Asia Base Oil Price Report


Volatile crude oil and feedstock values, coupled with lackluster demand and plentiful supply drove spot base oil prices down again this week in Asia.

Following a week of largely unchanged pricing, base oil bids and offers edged down as buying interest has not picked up steam as had been expected after the recent holidays.

In order to move product out, suppliers have trimmed offers, while buyers’ indications were also heard to have slipped.

Even though it was heard that regional suppliers had adjusted operating rates at base oil plants to avoid a buildup of inventories, and some plants have also started turnarounds, there is enough product to go around and there are no shortages reported.

As a result, buyers can afford to shop around and are willing to delay purchases to achieve lower prices, while suppliers are hoping to reduce inventories ahead of the end of the year due to tax implications.

In China, a number of Sinopec plants are undergoing routine turnarounds, including the producer’s Beijing and Nanyang facilities. It was heard that PetroChina would be idling its base oil plant in Daqing before the end of the year as well, although this could not be confirmed with the producer. The unit has a capacity of 205,000 metric tons per year of API Group I base oils, according to Lubes’n’Greases’ Guide to Global Base Oil Refining.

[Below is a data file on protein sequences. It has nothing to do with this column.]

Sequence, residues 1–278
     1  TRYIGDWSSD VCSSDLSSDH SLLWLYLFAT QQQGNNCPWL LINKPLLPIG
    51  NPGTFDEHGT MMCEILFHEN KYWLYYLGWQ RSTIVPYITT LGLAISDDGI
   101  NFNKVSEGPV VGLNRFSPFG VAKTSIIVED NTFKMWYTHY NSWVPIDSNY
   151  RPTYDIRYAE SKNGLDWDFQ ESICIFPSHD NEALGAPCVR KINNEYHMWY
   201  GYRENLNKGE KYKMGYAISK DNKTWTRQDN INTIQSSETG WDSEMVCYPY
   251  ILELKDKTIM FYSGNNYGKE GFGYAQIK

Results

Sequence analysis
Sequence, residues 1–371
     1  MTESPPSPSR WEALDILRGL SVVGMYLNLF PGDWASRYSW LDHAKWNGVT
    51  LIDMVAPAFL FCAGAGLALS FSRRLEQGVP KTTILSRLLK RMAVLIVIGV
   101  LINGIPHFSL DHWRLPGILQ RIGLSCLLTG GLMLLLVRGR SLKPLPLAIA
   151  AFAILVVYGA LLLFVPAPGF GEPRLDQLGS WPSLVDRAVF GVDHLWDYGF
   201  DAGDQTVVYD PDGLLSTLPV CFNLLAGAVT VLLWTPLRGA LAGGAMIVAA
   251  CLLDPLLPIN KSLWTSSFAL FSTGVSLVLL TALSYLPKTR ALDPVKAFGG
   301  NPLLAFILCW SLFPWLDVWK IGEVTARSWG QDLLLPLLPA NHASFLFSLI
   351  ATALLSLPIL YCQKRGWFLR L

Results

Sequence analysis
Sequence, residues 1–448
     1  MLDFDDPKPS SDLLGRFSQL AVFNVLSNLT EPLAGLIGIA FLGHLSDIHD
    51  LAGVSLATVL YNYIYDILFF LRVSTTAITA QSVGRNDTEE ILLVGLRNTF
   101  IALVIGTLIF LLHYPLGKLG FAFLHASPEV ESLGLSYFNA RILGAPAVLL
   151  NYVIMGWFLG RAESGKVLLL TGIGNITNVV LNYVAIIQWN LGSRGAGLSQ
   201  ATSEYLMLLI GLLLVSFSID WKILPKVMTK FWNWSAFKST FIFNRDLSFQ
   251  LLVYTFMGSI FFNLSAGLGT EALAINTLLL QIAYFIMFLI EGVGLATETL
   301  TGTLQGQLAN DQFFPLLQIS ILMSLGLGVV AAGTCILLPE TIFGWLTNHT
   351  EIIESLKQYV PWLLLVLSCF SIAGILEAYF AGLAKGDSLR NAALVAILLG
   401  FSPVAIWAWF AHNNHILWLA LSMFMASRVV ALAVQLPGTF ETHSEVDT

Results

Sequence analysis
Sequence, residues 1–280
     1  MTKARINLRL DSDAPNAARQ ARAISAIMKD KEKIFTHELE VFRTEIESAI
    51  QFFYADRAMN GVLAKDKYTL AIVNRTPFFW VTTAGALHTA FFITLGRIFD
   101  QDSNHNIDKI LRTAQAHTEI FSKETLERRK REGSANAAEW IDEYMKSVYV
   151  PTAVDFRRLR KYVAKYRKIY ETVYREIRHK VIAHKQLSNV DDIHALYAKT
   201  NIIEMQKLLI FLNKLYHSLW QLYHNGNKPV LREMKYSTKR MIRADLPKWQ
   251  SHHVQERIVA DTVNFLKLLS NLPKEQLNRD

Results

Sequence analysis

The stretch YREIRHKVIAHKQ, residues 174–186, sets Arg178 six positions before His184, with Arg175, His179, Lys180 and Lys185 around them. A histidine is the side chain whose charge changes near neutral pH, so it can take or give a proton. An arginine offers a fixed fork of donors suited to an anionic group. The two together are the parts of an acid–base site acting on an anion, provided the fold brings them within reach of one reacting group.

PetroChina’s Fushun base oil plant, which can produce 285,000 t/y of Group I oils, has been shut down since the end of last year due to market economics. The plant was expected to be restarted last July, but weak market conditions are prolonging the shutdown.

Aside from turnarounds, there have also been fewer cargoes moving into China because general buying interest for imports has been fairly subdued.

There had also been an influx of imports from the Middle East and the United States into India and other destinations earlier in the year, but the situation has changed, and there have been arbitrage opportunities for Asian suppliers to ship base oils into the U.S.

Indeed, a couple of large Group II high-viscosity Asian base oil cargoes were heard to be on the water to the U.S. However, one of them was heard to have been shipped by a South Korean producer to support the operations of a U.S. supplier whose plant has been experiencing production issues.

A second 10,000-metric ton cargo was also said to have been recently dispatched from the same South Korean supplier to Antwerp for the U.S.-based refiner’s European operations.

Partly as a way to discourage Asian cargoes from moving into the U.S., producer Motiva announced a posted price decrease of 10 cents per gallon across the board, which became effective Oct. 14.

Asian, European, and U.S. suppliers were also keeping an eye on developments in the Middle East. If sanctions on Iran are lifted and the country starts to export more base oils, certain markets such as India could see a fresh flow of base stock, which would be in direct competition with material from sources that have so far been supplying the Indian market.